Thursday, July 2, 2009

The legitimacy of Zimbabwe:The case for a debt audit

The unpalatable fact is that the Republic of Zimbabwe is virtually bankrupt. As at December 1, 2008, Zimbabwe’s external debt stood at US$ 5,255 billion, with a current account balance of – US$597 million. As at May 31, 2009, Zimbabwe owed the International Monetary Fund (IMF) US$138 million and the World Bank US$676 million.
As at April 30, 2009, Zimbabwe owed the African Development Bank US$438 million. These statistics are startling and there is, therefore, an urgent need to interrogate Zimbabwe’s debt crisis and firstly ascertain how such a colossal debt was incurred and then strategise the way forward as to how this debt crisis is to be resolved. Put alternatively, the legitimacy or lack of it, of Zimbabwe’s debt has to be placed under the microscope if our country is to avoid being perpetually placed under a debt trap.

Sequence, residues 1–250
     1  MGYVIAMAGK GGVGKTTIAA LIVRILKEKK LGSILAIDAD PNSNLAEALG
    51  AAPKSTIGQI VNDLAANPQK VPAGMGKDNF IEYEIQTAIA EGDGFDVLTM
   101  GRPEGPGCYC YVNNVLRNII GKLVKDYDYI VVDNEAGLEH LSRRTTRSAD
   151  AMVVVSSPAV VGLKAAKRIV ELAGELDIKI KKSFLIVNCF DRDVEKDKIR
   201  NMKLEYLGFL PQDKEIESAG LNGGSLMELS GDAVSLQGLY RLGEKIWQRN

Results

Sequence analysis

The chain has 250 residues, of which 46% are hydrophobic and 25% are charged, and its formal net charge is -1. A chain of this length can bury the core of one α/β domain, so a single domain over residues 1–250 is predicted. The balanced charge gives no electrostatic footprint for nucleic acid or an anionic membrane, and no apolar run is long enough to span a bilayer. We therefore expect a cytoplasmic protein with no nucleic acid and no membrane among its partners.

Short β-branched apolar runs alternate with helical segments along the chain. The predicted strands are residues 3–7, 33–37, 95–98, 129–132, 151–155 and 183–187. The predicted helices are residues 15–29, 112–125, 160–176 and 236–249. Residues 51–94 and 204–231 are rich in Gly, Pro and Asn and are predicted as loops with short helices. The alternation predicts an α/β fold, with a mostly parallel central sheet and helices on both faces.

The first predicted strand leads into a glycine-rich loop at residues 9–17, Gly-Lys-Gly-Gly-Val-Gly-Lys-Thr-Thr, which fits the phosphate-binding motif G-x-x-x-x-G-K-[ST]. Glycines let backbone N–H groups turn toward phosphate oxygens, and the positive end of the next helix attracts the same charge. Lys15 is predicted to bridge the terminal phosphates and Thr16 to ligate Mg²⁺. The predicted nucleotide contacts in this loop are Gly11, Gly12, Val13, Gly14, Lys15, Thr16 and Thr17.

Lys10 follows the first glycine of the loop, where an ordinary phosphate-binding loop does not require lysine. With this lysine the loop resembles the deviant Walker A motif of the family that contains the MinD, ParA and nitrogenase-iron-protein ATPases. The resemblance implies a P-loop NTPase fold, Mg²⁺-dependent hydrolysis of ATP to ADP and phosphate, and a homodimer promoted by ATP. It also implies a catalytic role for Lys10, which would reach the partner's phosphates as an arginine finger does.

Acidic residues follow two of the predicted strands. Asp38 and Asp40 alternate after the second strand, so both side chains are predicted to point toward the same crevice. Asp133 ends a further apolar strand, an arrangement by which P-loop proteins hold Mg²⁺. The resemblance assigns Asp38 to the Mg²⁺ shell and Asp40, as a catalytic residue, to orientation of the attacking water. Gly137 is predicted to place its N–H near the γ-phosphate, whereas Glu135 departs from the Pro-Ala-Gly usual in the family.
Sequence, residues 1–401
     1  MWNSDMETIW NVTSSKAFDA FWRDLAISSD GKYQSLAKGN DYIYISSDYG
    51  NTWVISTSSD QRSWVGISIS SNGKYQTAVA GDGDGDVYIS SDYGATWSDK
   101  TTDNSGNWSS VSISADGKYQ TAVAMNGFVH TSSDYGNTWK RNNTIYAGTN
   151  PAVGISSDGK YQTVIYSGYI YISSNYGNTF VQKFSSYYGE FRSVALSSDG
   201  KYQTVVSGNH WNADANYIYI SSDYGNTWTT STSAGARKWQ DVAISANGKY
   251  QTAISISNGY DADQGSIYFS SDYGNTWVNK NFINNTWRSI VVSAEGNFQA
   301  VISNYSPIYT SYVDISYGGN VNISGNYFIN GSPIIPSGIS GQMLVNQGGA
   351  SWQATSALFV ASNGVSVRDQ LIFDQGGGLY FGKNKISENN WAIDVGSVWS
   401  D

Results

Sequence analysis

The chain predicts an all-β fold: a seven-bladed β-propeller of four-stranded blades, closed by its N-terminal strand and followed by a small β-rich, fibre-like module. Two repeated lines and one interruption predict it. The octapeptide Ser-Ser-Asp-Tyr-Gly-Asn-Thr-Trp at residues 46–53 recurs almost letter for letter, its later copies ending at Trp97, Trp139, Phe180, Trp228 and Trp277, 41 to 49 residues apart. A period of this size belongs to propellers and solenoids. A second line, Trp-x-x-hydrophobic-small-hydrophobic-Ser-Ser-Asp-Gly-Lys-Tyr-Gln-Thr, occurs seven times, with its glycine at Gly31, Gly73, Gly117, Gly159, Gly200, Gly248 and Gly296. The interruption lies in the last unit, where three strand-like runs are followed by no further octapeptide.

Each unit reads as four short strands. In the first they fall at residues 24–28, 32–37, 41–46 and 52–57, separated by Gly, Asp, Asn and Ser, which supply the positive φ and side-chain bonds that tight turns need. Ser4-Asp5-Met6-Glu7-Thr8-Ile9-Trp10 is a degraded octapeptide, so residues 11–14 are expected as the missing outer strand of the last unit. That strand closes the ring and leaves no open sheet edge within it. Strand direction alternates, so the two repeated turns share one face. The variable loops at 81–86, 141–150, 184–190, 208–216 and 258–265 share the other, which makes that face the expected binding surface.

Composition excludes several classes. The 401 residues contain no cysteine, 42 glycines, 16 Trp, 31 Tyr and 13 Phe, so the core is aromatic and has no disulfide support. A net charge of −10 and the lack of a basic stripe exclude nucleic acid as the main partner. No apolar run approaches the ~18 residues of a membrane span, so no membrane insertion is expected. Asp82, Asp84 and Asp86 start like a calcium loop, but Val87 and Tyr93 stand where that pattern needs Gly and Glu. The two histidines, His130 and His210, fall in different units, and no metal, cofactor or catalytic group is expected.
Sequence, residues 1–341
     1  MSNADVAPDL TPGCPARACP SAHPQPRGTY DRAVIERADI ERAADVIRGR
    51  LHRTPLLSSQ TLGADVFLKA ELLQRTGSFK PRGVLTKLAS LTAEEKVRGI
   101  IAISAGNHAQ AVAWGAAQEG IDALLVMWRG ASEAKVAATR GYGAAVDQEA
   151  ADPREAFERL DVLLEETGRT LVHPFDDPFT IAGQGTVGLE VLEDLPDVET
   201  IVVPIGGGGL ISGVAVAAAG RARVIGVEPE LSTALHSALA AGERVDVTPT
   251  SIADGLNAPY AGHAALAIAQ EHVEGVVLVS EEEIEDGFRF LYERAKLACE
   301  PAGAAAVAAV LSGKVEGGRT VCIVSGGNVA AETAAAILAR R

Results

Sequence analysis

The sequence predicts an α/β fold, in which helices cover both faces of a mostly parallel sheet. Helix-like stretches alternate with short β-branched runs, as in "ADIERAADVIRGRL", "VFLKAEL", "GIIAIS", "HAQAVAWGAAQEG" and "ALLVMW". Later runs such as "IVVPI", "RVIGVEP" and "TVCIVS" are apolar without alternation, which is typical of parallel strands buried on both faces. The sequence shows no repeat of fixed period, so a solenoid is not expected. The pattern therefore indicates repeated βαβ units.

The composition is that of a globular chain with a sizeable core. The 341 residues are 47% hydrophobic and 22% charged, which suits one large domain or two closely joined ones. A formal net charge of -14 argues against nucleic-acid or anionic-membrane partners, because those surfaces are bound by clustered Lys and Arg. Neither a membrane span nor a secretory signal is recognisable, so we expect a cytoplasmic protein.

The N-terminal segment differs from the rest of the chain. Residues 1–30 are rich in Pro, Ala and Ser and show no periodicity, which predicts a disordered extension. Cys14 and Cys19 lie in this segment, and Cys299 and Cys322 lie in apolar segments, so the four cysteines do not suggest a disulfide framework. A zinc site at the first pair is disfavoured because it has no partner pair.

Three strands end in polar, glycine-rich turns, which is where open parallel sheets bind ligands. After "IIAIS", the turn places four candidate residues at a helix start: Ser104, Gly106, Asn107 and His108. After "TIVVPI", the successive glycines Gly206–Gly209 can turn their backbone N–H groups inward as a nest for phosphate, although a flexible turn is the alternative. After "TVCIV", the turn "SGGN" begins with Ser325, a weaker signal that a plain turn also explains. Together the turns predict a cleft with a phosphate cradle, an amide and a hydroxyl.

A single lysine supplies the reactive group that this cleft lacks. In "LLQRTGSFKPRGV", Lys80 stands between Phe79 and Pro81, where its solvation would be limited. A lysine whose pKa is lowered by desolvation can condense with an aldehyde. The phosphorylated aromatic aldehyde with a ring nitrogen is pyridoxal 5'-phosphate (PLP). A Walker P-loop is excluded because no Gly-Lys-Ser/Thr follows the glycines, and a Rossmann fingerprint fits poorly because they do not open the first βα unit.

The main thrust of this paper is therefore to attempt to provide an objective analysis of Zimbabwe’s debt situation and then to propagate the need to have an apolitical, scientific and objective debt audit as a way of charting a new dispensation regarding how the debt crisis has to be handled henceforth. Odious debts are defined as those debts, incurred by the State, which debts are not for the needs or interest of the State but merely to strengthen the State’s despotic power as well as to repress the population that fights against despotism. The legal doctrine of odious debts is essentially derived from the writings of Alexander Nahum Sack, the world’s pre-eminent legal scholar on public debts. Sack authored two major works on the obligations of successor states and these are: “THE EFFECTS OF STATE TRANSFORMATIONS ON THEIR PUBLIC DEBTS AND OTHER FINANCIAL OBLIGATIONS” and “THE SUCCESSION OF THE PUBLIC DEBTS OF THE STATE.” The doctrine of odious debts is not per se favourable to the interests of emerging economies and also to the developing countries (hitherto contemptuously referred to as the Third World.) This is so because the doctrine of odious debts was created to further the interests of international finance by limiting the ability of governments to repudiate debts. Under this doctrine, three conditions must be present before a State can repudiate a debt: i) the debt must have been incurred without the consent of the people of the State; ii) the debt cannot have benefited the public in that State and; iii) the tenderer must have been aware of these two conditions. The overwhelming majority of the developing world’s foreign debts are odious in law. Being part of the developing world, Zimbabwe is thus inevitably caught up in this odious debts fiasco. My earlier humble submission was that Zimbabwe is bankrupt. This is mainly so because Zimbabwe has no capacity to service the afore-mentioned debt. In his inaugural address after being sworn into office on Wednesday, February 11, 2009 , Prime Minister Morgan Tsvangirai advised the nation that the inclusive government’s main priority was to heal the broken economy and supply food to the hungry millions of Zimbabweans. He stated that: “For too long, our people’s hopes for a bright and prosperous future have been betrayed. Instead of hope, their days have been filled with starvation, disease and fear. A culture of entitlement and impunity has brought our nation to the brink of a dark abyss. This must end today.” It is, without doubt, obvious that Prime Minister Tsvangirai was acutely aware of the state of despair, poverty, destitution and hopelessness that prevailed throughout the Zimbabwean society immediately prior to the formation of the inclusive government in February, 2009. At its formation in February, 2009, the inclusive government inherited approximately US$ 4,7 billion external debts owed to bilateral, multilateral and commercial creditors. This paper adopts the view that by the time the inclusive government was formed, Zimbabwe was virtually a failed State. The de facto government had ceased to operate as a normal functional authority. The economic challenges facing the country were such that the de facto government was clearly unable to meet essential State obligations such as the payment of civil servants’ salaries as well as the general running of public institutions such as government ministries, public schools and public hospitals. Zimbabwe’s economic collapse is not to be solely located in and restricted to the ineptitude, corruption and misgovernance of the previous government coupled with the chaotic and violent “land reform” program that began in earnest in February, 2000. There is a combination of several factors that eventually led to Zimbabwe becoming a failed state by the time the inclusive government was formed in February, 2009.The reasons behind Zimbabwe’s economic decline are numerous, complex and historical. The general assumption that the land distribution program that gained momentum from the year 2000 is the sole reason for the country’s economic decline and food insecurity is flatly inaccurate. According to a study by the Trans Africa Forum, there are several factors that brought about Zimbabwe’s economic collapse. In a Congressional Testimony to the United States House of Representatives Committee on Foreign Affairs Subcommittee on Africa and Global Health on Thursday, May 7, 2009 submitted by Nicole C. Lee, Esq; the Executive Director of the Trans Africa Forum, many political economists identify Zimbabwe’s unresolved structural weaknesses and systematic inequality built into the apartheid -like system constructed by the Rhodesian settlers as the primary root cause. A South African-based scholar, Patrick Bond, points to the related crises of Rhodesia’s “over-consumption” of the early 1970s.Analysts agree that at the time of Zimbabwe’s independence in 1980,the country’s economy was skewed, for example: i) The entire national economy was designed to support the maintenance and enrichment of a small white minority. At independence in 1980, fewer than 7000 white farmers each owned, on average, more than 100 times the land available to the average African peasant.; ii) Industry, mining and the manufacturing sector were in the hands of multinational corporations and the white settler economy: iii) The majority of the population had been systematically excluded from the pool of skilled labour as well as the formal economy through a variety of legal and abusive measures. In present-day Zimbabwe, economic distortions continue. Mining, manufacturing and most industry remain in the hands of external corporations, the white minority and a small clique of black indigenous Zimbabweans.Zimbabwe is at the crossroads. The country is caught up in a debt trap. Zimbabwe is burdened by both short and long-term external debts that inevitably militate against the inclusive government’s concerted efforts to jump-start the economy. Zimbabwe has no choice but to adopt the modern approach to international relations; which approach essentially dictates that developing countries should be given a platform where they can challenge the legitimacy of their debts to creditors with a view to ensuring that their development is not stifled by otherwise odious and/or illegitimate debts which militate against sustainable development. The inclusive government should come out clearly in the open and join the global voice that seeks the establishment of an international debt arbitration mechanism. The Zimbabwe government should promptly utilize the doctrine of odious debts by establishing a judicial debt arbitration panel, preferably composed of respected and eminent Zimbabwean and international jurists. This panel would then invite creditors to submit claims, including documentation that the loans were indeed used in the interests of the Zimbabwean people and, not, in the words of the US Deputy Secretary of State Paul Wolforito, “to buy weapons and to build palaces and to build instruments of repression.” It is pointless to take the alternative route of going to the Paris Club. The Paris Club is composed of die-hard capitalists whose major interest is to remain the world’s economic giants at the expense of the developing world. Put bluntly, the Paris Club will never push the agenda of developing and highly-indebted countries. The Paris Club is an informal grouping of the world’s largest creditor nations. This club uses Western taxpayer dollars to rescue misplaced loans by public lenders. Zimbabwe should never approach the Paris Club; at least before establishing the legitimacy or otherwise of its colossal external debt. Recent news reports are to the effect that France is mulling the possibility of cancelling Zimbabwe’s debt to that country which is in the region of €400 million. This is a very encouraging starting point. The World Bank’s article of agreement imposes a fiduciary duty on the bank to ensure that the proceeds of any loan are used only for the purposes for which the loan is granted. If the World Bank breaches this fiduciary duty it should be held liable and the debtor nation must be entitled to challenge the odious debt at international law. In his paper: “CRIMINAL DEBT IN THE INDONESIA CONTEXT”, Northwestern University Professor Jeffrey Winters provides shocking insight into the World Bank’s weak supervisory practices. Winters presents overwhelming evidence that the World Bank breached its fiduciary duty to Indonesia by granting loans which, it knew, would be used for corrupt purposes. As a result, Indonesian legislators have since asked the International Monetary Fund (IMF), to write off the country’s foreign debts, including those to other donors recommended by the IMF. The Indonesian government had a foreign debt of around US$67 billion as at July 13, 2001. The breach of its fiduciary duty by the World Bank is ordinarily a legal basis to challenge the legitimacy of the debts. The hurdle to be encountered by the inclusive government in Zimbabwe is to prove that the lending institutions knew or ought to have known that the funds would not be used in the interest of the people but solely for the benefit of the ruling regime’s members in their personal capacities. A classic scenario on odious debts is demonstrated when officials are indicted on corruption charges relating to funds from the multilateral lending institutions. Examples are cases like CROWN v HAHMEYER INTERNATIONAL CIMBA where a Lesotho senior public servant was bribed to influence his decision on a major construction project undertaken by the appellant corporation. There was ”reasonably sufficient” evidence to indicate that Acres International engaged in a corrupt practice by paying monies to Mr. Mosupha Sole to influence him in connection with the work performed by Acres International for the Lesotho Highlands Water Project. This trial is important because it may open the door for the government of Lesotho to challenge the legitimacy of loans tainted by corruption. Another case involves an action by the International Centre for the Settlement of Investment Disputes (ICSID) tribunal to strike out a lawsuit against the Kenyan government over a contract after it discovered that the contract had been secured illegally through a US$2 million bribe paid to the former President Daniel Arap Moi. Although the complainant alleges that the payment was a “personal donation” made to Mr. Moi for public purposes, the ICSID tribunal ruled that this constituted a breach of international public policy as well as both English and Kenyan public policy. Mr. Ali, the complainant, could, therefore, not turn to a legal body as a means to enforce his rights secured through a breach of international public policy or in the tribunal’s words, he could not “found a cause of action on an immoral or illegal act.” The tribunal ruled that “claims based on contracts of corruption or on contracts obtained by corruption cannot be upheld by this arbitral tribunal.” As aptly noted by Jeffy King of the Canadian Centre for International Sustainable Development Law (CISDL), the tribunal’s ruling is an important one for the global campaign and “adds to precedent such as the Tinoco Arbitration (1924) and numerous international conventions in clarifying that contracts for personal enrichment, or those procured by bribery, are against international public policy and are thus, unenforceable.” By distinguishing between the acts of the Kenyan President and those of the Republic of Kenya, the ruling contributes an important precedent to the odious debts jurisprudence. The decision by the World Bank-established tribunal upheld the principle that the President of Kenya was acting as an agent of the state and thus, his actions are automatically deemed to be the acts of Kenya. This decision thus, dissolves the fiction that a head of state is capable of binding the state to any sort of contract. In July 2000, the Argentine Federal Court set out a landmark ruling that is supposed to have far-reaching repercussions for odious debt campaigners worldwide. The court held that a substantial portion of Argentina’s foreign debt is rooted in fraudulent and illegitimate loans abused during the military period. In his decision, Judge Jorge Ballestro held that many loans to Argentina were part of “a damaging economic policy that forced Argentina to its knees through various methods….and which tended to benefit and support private companies- national and foreign-to the detriment of society and state companies.” Judge Ballestro’s ruling puts blame on the shoulders of corrupt civil servants as well as international financial institutions such as the IMF. In his speech to the International Jubilee 2000 Conference in Bamako, Mali, debt activist Alejandro Olmos Gaona, argues that the court’s decision exposes how international creditors helped ensure that money lent to Argentina was not used in the interest of the state. As such, the court’s ruling is an invaluable resource for campaigners in other countries who are trying to challenge the legality of their own odious debts. It is, therefore, imperative for the inclusive government in Zimbabwe to urgently institute a debt audit as suggested in this paper. It would be pointless for the inclusive government to move around with a begging bowl, asking for about US$8, 2 billion to jump-start Zimbabwe’s comatose economy whilst remaining deafeningly silent about the need to interrogate the country’s colossal external debt. Zimbabwe should not honour any debts that have not been properly audited and proved to be lawful and legitimate. Honouring debts that are clearly odious will be the inclusive government’s kiss of death.